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    at first i thought this was the beginnings of some really crappy market research for a viral/guerilla marketing initiative. kinda like, "hey, i want to market to you guys but i dont know **** about ****. so tell me everything about yourselves so i can exploit the **** out of you"

    but its about a school paper so nevermind.
    -bread for destruction-


    Quote Originally Posted by Thetank View Post
    any way you can prove this or did you pull this out of your @$$?

  13. #13
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    Well, I do personally know at least one law student and a couple with doctorates in sciences, but I think all if the above have moved on to gears, Lycra and carbon fiber these days.

    I don't think SF is unfit for fixed-gears; the worst hills can often be avoided, or they can be fun challenges to ride up on a whim. Plus, the city is really, really small as big cities go. I don't live there and I've ridden from one end to the other (plus some of the southern cities) several times. The greater Sacramento area, otoh, despite being mostly flat, is endless, shadeless, boring sprawl outside of the downtown area, and crossing it in it's entirety would be a chore on any bike. This is me, digressing....

  14. #14
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    Quote Originally Posted by erichsia View Post
    "fixie scene" as cultural anthro topic = fixed gear apocalypse
    No doubt. It's finally here!

  15. #15
    Blaster of Reality Scrodzilla's Avatar
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    Quote Originally Posted by onmahbike View Post
    I don't ride a beat up fixed gear, but I do ride this one..


    Skinny jeans & messenger bag or not, that's a rad looking bike.
    I'm currently doing a black/white build myself (my first)!

  16. #16
    Member y2jv3's Avatar
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    ^ very nice..

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    how many of you guys or girls actually live in the city?

  18. #18
    Senior Member sunburst's Avatar
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    Quote Originally Posted by Amory Blaine View Post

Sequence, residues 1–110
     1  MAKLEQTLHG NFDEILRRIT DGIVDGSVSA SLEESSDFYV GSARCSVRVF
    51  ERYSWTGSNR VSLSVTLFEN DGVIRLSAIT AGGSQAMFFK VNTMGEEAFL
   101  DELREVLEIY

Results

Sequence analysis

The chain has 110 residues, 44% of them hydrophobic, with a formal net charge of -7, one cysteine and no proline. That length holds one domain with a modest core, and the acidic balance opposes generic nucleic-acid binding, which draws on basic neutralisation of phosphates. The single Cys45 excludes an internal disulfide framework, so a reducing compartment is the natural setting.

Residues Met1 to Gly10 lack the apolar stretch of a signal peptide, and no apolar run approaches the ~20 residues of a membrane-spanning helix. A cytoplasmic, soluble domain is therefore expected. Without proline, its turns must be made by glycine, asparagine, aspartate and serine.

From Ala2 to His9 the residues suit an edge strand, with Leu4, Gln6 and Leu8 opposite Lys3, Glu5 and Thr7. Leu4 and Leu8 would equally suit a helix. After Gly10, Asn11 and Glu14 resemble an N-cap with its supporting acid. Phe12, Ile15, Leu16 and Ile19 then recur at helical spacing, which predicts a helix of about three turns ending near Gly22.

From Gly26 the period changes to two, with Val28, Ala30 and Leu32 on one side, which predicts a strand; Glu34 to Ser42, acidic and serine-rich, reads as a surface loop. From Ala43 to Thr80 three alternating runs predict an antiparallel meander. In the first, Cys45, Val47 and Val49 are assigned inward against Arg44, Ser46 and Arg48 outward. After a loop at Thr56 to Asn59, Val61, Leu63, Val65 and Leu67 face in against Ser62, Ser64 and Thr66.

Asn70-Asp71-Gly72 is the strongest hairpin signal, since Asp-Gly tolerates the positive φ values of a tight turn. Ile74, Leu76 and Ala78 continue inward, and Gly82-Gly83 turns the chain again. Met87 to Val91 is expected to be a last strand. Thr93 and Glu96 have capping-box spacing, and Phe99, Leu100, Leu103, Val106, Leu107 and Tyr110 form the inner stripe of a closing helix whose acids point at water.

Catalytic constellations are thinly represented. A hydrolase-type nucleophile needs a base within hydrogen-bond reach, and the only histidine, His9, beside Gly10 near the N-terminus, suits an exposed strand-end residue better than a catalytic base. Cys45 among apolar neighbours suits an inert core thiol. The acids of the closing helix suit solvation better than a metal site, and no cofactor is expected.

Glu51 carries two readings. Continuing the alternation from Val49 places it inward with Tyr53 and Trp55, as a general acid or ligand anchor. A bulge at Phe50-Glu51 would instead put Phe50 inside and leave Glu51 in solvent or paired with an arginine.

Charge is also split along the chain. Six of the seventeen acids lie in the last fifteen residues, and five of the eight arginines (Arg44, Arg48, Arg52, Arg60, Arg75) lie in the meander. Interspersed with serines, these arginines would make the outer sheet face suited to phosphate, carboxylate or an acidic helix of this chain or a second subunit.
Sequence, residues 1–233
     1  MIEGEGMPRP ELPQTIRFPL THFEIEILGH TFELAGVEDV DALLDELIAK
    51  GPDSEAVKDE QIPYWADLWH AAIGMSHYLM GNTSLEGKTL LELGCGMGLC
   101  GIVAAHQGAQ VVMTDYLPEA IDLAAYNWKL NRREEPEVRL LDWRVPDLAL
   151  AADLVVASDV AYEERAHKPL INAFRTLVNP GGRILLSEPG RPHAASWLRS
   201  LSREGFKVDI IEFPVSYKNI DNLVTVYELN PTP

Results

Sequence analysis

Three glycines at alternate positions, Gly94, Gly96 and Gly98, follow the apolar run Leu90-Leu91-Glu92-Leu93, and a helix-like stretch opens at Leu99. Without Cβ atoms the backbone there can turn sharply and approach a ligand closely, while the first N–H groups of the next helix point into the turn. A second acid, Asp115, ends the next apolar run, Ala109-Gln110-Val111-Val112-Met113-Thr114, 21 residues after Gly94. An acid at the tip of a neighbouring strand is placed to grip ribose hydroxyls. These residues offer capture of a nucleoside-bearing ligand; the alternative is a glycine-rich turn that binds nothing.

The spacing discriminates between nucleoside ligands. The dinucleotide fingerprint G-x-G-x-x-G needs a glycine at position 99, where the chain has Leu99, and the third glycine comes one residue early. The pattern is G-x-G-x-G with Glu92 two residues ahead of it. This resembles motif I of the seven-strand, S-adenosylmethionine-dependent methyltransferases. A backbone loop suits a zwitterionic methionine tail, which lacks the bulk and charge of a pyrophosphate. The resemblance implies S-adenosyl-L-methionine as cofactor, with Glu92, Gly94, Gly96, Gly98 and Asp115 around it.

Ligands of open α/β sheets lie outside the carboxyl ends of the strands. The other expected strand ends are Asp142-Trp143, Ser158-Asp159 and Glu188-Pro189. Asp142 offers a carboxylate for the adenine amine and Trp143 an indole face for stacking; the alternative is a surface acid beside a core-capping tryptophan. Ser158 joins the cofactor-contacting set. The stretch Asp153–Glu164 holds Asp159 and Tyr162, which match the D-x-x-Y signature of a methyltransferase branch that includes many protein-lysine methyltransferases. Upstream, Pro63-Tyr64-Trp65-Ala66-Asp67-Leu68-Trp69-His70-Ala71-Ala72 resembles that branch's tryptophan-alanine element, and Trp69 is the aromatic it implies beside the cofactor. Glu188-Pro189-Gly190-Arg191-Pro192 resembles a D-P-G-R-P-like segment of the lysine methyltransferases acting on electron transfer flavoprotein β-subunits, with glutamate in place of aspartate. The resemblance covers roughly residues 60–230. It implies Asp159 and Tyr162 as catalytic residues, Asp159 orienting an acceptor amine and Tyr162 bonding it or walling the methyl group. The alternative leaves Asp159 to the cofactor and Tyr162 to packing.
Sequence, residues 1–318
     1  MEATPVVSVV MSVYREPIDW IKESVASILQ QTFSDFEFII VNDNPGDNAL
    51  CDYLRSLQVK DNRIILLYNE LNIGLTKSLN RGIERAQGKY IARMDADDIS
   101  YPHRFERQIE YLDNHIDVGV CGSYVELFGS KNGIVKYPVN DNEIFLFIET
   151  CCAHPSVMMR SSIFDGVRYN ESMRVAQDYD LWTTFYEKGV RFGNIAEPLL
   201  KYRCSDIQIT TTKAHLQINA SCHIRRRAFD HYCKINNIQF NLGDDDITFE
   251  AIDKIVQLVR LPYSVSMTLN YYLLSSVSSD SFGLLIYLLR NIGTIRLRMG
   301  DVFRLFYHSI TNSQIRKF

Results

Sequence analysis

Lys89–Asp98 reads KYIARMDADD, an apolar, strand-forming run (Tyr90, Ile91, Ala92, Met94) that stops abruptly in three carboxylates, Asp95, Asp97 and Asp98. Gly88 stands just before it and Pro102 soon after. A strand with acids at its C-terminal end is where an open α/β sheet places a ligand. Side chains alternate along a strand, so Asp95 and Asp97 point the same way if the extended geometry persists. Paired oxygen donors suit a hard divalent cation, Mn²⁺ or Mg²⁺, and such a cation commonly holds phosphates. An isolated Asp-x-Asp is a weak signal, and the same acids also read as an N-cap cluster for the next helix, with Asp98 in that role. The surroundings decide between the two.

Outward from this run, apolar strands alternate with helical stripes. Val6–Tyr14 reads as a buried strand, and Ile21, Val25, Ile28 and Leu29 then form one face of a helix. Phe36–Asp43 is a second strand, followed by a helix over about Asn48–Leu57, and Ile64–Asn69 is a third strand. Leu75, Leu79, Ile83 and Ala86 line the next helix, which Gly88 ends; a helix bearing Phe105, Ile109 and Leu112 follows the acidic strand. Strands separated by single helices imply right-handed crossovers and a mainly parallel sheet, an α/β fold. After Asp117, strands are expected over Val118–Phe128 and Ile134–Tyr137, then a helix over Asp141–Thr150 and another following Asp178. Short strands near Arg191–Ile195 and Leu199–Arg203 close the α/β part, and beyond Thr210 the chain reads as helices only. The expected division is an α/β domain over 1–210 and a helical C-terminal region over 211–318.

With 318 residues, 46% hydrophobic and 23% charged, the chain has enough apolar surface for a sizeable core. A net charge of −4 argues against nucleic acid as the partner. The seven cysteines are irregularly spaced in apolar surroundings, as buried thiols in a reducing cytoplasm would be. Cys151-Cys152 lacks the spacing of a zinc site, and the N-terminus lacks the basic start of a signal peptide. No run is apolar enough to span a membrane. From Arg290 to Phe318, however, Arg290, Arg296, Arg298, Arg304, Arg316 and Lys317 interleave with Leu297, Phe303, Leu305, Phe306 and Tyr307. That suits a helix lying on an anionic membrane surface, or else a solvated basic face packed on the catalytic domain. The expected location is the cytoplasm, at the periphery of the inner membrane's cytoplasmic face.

... it has become like skateboarding about 12 years ago in California, when it became mainstream, however, fixed gears breaches gender and age alot more then skateboarding ever did.
    You may be right, especially compared to boarding, but for a little counter-evidence, and close to home, go to the bikeforums main page, where it list all the subforums.

    Just under the Single Speed and Fixed Gear heading, you will see:
    "I still feel that variable gears are only for people over forty-five."

    This offends my age sensibilities. And one reason, is that it is a dumb-ass thing to say, even if it were true. Second reason - it is not true. At 55, my latest fixie build is my favorite bike. 2nd favorite is my recent single-speed build, both old Peugeots.

    But back to SF. I live 40 miles south and sometimes take a bike on the train, then explore, but I always take my geared bikes.
    Last edited by sunburst; 06-05-09 at 03:25 AM.

  19. #19
    Member xrageandfearx's Avatar
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    I live waaay over here in wilmington nc. So i really don't think that what I say will really matter but here we go:
    In wilmington it used to be a more post hardcore type of thing. But then alot of people started riding fixed, so the post hardcore group/kids get cars and put street mods on them.
    I have been riding fixed for nearly 3 years, I listen to all types of music, metal is my favorite though. I usually carry a messenger bag filled with tubes, school books, tools, sometimes a laptop my phone.
    The Age group in wilmington vary if you want fixed riders then like 15- to around 28
    Single speed 15- to around 50.
    Here fixed gear riders don't really have a specific hangout. I guess back when i first started riding it was at local shows and concerts but now i really dont know.
    You look at me because I am different, I look at you because you are all the same.

  20. #20
    big ring MIN's Avatar
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    Quote Originally Posted by sunburst View Post
    .

    Just under the Single Speed and Fixed Gear heading, you will see:
    "I still feel that variable gears are only for people over forty-five."

    This offends my age sensibilities. And one reason, is that it is a dumb-ass thing to say, even if it were true. Second reason - it is not true. At 55, my latest fixie build is my favorite bike. 2nd favorite is my recent single-speed build, both old Peugeots.

    But back to SF. I live 40 miles south and sometimes take a bike on the train, then explore, but I always take my geared bikes.
    That was my idea, it's not intended to be ageism - it's just a celebration of the badass nature of fixed gears.


    Henri Desgrange, the founder of the Tour de France:
    "I still feel that variable gears are only for people over forty-five. Isn't it better to triumph by the strength of your muscles than by the artifice of a derailer? We are getting soft...As for me, give me a fixed gear!" (L'Équipe article of 1902)